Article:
The United States and other advanced nations are stepping up their efforts to combat corruption in poorer, less developed nations by publicizing the corruption and by punishing their own companies when they engage in it. The U.S. Congress added a bipartisan amendment to pending financial reform legislation, requiring oil, gas, and mining companies to disclose every payment they make to foreign governments, according to a recent report in The Economist.
But can such efforts stem the tide? My own analysis suggests that before we can deal with systemic corruption we must first come to grips with the fact that it doesn’t occur in a vacuum — it is a symptom of deeply rooted economic and social maladies.
The map above shows how the nations of the world stack up on Transparency International’s 2010 Corruption Perception Index or CPI, which tracks government bribes, kickbacks, embezzlement, and other forms of public corruption. Topping the list as the world’s least corrupt nation is Denmark, followed by New Zealand, Singapore, Finland, Sweden, and Canada. The United States ranks 22nd. The BRIC nations – Brazil, Russia, India, and China – rank in the bottom third of the CPI, even though they are among the fastest-growing nations in the world. Countries like Angola, Somalia, Afghanistan, and Iraq are at the very bottom.
To get a better handle on all of this, my colleague Charlotta Mellander and I compared how a nation’s rank on the corruption index compares to its standing on a series of other standard measures — economic development (economic output per capita), the transition to a more highly skilled knowledge economy (human capital levels and the creative class share of the workforce), social tolerance (as measured by Gallup World Poll surveys which track attitudes to gays and ethnic and racial minorities), and the overall level of happiness or life satisfaction (also from Gallup surveys). Note that the CPI ranks countries in reverse order; the higher its score, the less corrupt the country. As always, we caution readers not to make too much of these findings. Our analysis can only identify relationships among variables and in no way implies causation.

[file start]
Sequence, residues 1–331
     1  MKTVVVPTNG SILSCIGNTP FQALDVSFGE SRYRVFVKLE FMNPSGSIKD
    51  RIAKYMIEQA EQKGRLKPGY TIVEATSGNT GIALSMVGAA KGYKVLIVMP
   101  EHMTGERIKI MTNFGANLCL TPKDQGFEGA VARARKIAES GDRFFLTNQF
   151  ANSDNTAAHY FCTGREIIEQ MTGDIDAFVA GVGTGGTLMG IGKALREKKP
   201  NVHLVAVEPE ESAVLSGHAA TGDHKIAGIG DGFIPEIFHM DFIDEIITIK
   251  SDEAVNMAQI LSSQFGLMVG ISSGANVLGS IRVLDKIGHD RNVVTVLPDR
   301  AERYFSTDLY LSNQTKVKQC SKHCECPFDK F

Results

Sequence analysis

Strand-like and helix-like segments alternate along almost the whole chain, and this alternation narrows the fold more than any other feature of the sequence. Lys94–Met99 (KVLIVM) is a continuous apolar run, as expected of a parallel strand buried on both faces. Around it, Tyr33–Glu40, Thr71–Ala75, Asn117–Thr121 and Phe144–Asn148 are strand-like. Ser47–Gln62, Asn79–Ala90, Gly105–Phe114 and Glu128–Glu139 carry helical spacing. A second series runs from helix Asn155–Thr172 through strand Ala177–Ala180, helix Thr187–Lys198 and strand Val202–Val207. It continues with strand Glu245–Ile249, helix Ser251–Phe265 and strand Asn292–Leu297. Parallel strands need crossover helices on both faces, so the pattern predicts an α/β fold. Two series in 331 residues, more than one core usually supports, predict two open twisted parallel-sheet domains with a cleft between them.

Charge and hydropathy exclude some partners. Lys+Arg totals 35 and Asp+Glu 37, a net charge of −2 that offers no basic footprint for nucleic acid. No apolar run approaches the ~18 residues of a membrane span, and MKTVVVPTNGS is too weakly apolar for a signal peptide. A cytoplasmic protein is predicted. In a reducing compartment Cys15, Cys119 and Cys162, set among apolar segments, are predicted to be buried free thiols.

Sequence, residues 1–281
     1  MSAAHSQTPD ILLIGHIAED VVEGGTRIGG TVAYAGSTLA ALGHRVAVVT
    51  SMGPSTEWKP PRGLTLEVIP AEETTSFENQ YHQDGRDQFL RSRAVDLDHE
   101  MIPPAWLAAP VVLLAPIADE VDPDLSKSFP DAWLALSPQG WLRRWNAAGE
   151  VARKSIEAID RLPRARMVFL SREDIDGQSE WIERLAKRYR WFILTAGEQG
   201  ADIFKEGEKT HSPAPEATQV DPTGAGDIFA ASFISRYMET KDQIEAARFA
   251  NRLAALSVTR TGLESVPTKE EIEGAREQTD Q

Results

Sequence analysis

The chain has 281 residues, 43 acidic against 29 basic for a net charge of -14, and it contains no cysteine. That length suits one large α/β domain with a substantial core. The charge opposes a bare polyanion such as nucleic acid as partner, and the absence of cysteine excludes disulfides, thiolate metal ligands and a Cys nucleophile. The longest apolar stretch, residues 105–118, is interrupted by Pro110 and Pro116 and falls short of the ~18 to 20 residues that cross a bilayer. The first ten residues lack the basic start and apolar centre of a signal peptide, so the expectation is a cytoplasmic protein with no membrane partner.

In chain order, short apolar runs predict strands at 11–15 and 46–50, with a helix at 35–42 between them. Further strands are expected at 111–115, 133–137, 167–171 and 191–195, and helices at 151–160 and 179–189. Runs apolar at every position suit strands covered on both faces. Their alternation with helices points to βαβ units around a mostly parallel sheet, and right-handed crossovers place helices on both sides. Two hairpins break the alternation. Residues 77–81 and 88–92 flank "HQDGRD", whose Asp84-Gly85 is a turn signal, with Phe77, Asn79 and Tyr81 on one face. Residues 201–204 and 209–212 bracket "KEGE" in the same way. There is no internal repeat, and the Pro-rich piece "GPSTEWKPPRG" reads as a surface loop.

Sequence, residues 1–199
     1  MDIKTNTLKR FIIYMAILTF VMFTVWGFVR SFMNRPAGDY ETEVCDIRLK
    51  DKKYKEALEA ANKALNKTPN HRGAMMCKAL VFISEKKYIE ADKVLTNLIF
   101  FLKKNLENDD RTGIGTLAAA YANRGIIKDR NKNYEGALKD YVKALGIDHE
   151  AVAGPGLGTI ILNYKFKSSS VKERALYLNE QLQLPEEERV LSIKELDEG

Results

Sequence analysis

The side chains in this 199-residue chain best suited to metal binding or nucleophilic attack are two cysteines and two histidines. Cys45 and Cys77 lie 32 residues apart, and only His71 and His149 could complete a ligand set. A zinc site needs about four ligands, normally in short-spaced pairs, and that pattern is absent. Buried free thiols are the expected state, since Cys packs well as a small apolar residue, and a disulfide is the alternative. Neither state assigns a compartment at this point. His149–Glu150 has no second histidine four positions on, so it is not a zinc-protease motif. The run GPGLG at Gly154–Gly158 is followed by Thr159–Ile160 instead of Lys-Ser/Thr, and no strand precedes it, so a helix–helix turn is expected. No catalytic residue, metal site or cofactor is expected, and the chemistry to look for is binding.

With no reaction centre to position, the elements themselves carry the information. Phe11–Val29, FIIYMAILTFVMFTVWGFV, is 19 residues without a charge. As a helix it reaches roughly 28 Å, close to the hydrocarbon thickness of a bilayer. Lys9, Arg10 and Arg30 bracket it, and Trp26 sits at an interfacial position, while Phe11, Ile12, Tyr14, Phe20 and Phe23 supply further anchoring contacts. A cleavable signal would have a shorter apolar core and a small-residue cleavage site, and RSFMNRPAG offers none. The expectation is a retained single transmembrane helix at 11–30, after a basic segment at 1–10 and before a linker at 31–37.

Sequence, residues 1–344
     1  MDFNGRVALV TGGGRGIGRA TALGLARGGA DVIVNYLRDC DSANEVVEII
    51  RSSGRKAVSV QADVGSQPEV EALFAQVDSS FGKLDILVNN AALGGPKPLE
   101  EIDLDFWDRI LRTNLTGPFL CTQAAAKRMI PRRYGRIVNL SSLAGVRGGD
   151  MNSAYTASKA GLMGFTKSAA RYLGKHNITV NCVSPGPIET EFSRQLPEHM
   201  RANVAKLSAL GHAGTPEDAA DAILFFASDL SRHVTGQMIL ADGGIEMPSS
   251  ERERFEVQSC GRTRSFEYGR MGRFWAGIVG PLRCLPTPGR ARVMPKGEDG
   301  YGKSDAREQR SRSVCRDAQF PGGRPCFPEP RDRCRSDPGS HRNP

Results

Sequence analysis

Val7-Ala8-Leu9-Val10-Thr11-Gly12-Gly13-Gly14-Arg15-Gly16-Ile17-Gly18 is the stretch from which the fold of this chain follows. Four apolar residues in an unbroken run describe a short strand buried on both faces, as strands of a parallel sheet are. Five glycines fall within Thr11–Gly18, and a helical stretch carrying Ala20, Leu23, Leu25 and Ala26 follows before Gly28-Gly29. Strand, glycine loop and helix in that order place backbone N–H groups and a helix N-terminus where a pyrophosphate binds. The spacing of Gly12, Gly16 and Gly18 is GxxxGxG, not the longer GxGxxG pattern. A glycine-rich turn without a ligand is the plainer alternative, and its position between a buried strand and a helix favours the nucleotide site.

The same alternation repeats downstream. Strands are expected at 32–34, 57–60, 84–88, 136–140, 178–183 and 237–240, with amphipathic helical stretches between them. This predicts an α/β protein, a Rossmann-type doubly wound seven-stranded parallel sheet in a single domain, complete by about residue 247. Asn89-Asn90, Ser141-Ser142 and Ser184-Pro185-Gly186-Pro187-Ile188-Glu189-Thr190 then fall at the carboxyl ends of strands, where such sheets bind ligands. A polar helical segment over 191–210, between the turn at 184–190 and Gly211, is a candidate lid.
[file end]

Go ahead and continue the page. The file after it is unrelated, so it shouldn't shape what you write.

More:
The chart above summarizes the key results of our analysis. Generally speaking, the associations we found between corruption and economic and social development are quite striking.
Corruption and Economic Development: Corruption is closely associated with the overall level of economic development: The richer the country, the less corrupt it tends to be (the correlation coefficient between CPI and GDP per capita is .81). The above chart shows this graphically, with wealthier, more advanced nations clustered at the top, and poorer, less developed nations clustered at the bottom.
Corruption and the Creative Class: Corruption is lower in knowledge-based economies. The CPI is highly correlated with human capital (.58) and even more so with the creative class share (.69). The chart above graphs the association between the CPI and the creative class.
Corruption and Social Tolerance: Corrupt nations also tend to be intolerant places. The CPI is correlated with attitudes toward racial and ethnic minorities (.48) and even more so with attitudes toward gays and lesbians (.74), which the political sociologist Ronald Inglehart of the University of Michigan notes is the last frontier of intolerance across the nations of the world. The above chart shows the relationship between CPI rankings and attitudes toward gays and lesbians.
Corruption and Happiness: Corrupt nations tend to have low levels of happiness and life satisfaction. The CPI is highly correlated with overall life satisfaction (.67). The chart above shows the relationship between the two.
It is much easier to condemn international corruption than it is to overcome it. My own analysis suggests that penalizing companies that pay bribes is to treat one symptom while failing to diagnose, let alone attempt to cure, the underlying disease. Corruption is a fact of economic development. It is endemic not just in the poorest and least functional of nations, but even in the fast-growing (but still comparatively less-developed) BRIC. Corrupt nations have more traditional economic structures, based on resource extraction or manufacturing; they have not yet made the transition to highly skilled knowledge economies. Corrupt nations are more likely to be intolerant; their citizens not only must endure lower material living standards but lower levels of happiness and life satisfaction.
If we really want to combat corruption we must deal with the broader and much harder challenges of economic development. When less developed nations begin to leverage their knowledge, skills, and human capital to raise their levels of economic output, then the battle is already won.